I went on a forgiveness campaign of my own recently to reconcile with everyone in my life who I thought perceived me as an enemy. I had to grovel. I had to apologize. And in some cases, I had to open my heart completely in order to show my sincerity and seriousness with wanting to remove any occasion for the devil to lay his hooks into me again (1 Pet. 5:8). The hardest part about the whole thing, though, was the rejection. I realized that not everyone wants reconciliation. I thought it odd, at first. I mean, I did my part by leaving my gift at the altar, but the other person just did not want to hear it. They were content with the way things were.

To that, I cannot do a thing. What is important is I have done my part asking for forgiveness. And to me, that is all that matters. My comfort lies in the knowledge that Jesus also faced rejection when he was walking among us on earth (1 Peter 2:4-8). So, why should it surprise me that even I should bear the burden of rejection?

For this reason, before reaching the end of his Sermon on the Mount, Jesus made it a point to emphasize a lasting lesson to his followers, “Judge not, that you be not judged. For with the judgment you pronounce you will be judged, and with the measure you use it will be measured to you” (Mat. 7:1-2).

And Lastly…

When it comes down to it, forgiveness is not only about eradicating a root of bitterness and moving on. It also requires vigilance to love an enemy as oneself. I can attest it is not an easy task to do when all there remains of the relationship is sad memories. But with the help of the Holy Spirit, anything is possible. As long as I keep repenting, turning away from wrongdoing, God will blot out my sins (Acts 3:19). He will extend his grace, and Jesus’ sacrifice will not have been for naught (Rom. 6:5-8).

The Cost of Change

I had a good week last week. When I think back at everything that has happened, I wonder how I did it. I have my neck problem that appears occasionally, but I have been able to manage it. I am meeting new people, and my family life has never been better.

With springs comes change

With spring comes change

As for the new church I have been attending, I can truly say I am enjoying it. The organization is not the cult group that I was a part of twenty years ago; therefore, I am thankful knowing I can be myself without worrying that I am breaking some stringent directive. Given many may describe it as an evangelical church; the messages have a general theme aimed toward changing the heart.

My writing has also gone through a change, which is really a reflection of what has been happening inside me lately. No longer do I have the root of bitterness that has held me captive for all these years, inspiring me to write horror. Now I wake up in the mornings with God on my mind and with thoughts of how I could glorify and praise him. The stories I am writing deal with people who overcome spiritual and physical challenges at the cost of moral obligation.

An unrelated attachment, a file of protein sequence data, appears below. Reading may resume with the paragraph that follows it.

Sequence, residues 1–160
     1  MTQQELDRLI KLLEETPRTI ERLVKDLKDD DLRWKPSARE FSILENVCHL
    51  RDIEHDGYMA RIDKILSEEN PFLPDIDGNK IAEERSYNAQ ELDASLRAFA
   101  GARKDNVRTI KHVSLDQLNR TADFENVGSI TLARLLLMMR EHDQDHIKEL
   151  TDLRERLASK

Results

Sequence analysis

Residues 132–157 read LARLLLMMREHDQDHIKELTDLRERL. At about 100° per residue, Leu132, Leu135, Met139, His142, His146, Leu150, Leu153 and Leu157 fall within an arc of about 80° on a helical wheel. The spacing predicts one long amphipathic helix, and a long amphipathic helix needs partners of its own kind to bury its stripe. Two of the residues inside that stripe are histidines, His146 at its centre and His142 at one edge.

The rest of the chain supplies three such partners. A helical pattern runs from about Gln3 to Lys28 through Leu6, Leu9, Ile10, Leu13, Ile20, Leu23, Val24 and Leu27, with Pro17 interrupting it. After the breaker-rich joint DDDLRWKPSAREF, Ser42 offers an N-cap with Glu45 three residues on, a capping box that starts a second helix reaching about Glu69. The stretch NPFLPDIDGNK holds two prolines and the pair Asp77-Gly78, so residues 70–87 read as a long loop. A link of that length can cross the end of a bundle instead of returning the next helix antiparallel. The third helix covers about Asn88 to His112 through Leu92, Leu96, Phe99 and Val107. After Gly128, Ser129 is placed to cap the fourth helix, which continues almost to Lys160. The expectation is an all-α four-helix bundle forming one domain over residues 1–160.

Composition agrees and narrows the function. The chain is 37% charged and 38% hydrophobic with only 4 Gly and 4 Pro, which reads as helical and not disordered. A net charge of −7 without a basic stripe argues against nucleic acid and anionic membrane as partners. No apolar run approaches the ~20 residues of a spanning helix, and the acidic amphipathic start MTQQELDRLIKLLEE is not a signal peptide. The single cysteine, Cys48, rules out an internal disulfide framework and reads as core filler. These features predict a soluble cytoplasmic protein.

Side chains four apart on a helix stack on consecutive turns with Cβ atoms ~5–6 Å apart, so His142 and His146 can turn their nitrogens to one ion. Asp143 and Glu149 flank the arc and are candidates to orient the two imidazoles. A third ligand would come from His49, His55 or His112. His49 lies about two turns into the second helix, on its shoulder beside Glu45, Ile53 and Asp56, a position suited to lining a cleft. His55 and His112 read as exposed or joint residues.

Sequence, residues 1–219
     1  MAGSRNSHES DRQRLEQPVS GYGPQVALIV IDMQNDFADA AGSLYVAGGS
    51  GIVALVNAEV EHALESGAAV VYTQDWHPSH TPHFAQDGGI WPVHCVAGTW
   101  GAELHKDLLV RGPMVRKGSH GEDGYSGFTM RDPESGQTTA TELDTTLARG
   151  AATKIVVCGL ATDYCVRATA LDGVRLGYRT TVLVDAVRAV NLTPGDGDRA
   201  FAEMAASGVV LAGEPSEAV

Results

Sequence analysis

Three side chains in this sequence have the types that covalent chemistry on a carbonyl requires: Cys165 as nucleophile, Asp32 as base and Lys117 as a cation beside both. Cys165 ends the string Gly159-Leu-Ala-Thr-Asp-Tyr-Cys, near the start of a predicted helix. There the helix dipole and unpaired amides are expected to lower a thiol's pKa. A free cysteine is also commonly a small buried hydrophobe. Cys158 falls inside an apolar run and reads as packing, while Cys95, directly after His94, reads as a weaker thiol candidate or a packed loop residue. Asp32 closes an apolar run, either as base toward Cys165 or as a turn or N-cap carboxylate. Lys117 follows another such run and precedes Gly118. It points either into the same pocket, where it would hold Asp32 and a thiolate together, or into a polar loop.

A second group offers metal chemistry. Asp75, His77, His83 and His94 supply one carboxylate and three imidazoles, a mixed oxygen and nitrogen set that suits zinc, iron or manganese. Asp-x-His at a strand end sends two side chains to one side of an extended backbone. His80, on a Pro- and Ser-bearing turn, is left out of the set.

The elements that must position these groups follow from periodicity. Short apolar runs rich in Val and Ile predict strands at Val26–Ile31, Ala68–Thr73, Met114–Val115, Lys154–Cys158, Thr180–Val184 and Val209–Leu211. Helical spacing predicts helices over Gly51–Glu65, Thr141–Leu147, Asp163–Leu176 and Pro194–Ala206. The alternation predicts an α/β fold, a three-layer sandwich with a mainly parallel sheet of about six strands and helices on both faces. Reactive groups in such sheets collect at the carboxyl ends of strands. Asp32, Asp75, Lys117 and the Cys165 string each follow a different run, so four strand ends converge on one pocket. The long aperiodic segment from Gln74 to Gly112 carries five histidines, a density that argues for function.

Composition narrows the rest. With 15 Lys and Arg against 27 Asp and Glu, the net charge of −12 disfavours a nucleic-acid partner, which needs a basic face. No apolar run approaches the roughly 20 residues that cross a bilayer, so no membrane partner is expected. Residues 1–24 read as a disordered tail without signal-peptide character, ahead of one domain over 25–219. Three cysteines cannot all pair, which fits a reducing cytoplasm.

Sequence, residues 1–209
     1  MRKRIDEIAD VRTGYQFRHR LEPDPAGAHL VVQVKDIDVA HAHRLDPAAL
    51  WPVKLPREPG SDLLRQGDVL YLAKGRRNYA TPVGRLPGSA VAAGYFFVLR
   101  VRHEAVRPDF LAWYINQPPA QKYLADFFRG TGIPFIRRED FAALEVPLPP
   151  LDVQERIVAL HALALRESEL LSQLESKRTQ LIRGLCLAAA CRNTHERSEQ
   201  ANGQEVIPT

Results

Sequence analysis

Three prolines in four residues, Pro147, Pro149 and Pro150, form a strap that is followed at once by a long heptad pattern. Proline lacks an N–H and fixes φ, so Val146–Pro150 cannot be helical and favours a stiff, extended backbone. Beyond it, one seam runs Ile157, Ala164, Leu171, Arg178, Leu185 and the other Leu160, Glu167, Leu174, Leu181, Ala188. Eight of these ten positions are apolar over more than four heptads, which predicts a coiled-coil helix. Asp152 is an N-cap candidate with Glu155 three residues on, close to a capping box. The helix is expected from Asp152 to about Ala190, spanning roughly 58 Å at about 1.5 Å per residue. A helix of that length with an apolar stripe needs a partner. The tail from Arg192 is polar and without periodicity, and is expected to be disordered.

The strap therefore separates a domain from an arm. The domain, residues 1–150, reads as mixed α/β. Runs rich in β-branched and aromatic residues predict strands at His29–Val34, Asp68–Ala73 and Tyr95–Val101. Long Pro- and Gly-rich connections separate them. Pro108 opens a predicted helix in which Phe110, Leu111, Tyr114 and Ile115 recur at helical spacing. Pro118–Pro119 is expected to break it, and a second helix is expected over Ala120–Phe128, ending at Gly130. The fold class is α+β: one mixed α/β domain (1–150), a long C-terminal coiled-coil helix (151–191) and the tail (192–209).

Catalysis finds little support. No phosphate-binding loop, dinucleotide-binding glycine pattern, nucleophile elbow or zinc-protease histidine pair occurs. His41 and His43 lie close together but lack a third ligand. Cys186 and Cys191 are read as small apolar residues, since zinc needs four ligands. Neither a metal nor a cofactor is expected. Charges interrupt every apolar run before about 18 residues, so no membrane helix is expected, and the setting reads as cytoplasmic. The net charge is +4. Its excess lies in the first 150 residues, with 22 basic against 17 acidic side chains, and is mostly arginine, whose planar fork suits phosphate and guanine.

All these changes did come with a price.

I no longer post articles three times a week. My focus has shifted toward God first, family second, and friends third. And my book Resilience, which I had written over the winter, currently does not have a publication date.

Regardless of these things, I am happy.

For years, I suffered insomnia, averaging two hours of sleep a night. Now, not a night goes by that I do not have a solid six to seven hours. It reminds me of the other day when I was watching Saving Private Ryan. In one of the scenes, the sniper character was able to sleep through anything. He was God-fearing, and he recited scripture whenever he delivered a bullet to an enemy. One of the other soldiers wondered how he could sleep through the night, given all the bombs going off around them and the number of people he had killed. Another soldier replied that the man had a clear conscience.

When I think about it, I suppose I, too, go to bed with a clear conscience.

The other thing I have done is to reconcile with almost all those who have considered me their enemy. I found it surprising that everyone I offered my hand to in renewed friendship embraced me with open arms. Of course, I had to humble myself before them with apologies and sacrifices, but overall, almost all responded positively to me wanting to put the past behind. This experience has prompted me to write a long bible study on forgiveness, of which, one of these days, I will publish here. For the time being, however, I cannot say it is ready, as I have yet to write a conclusion.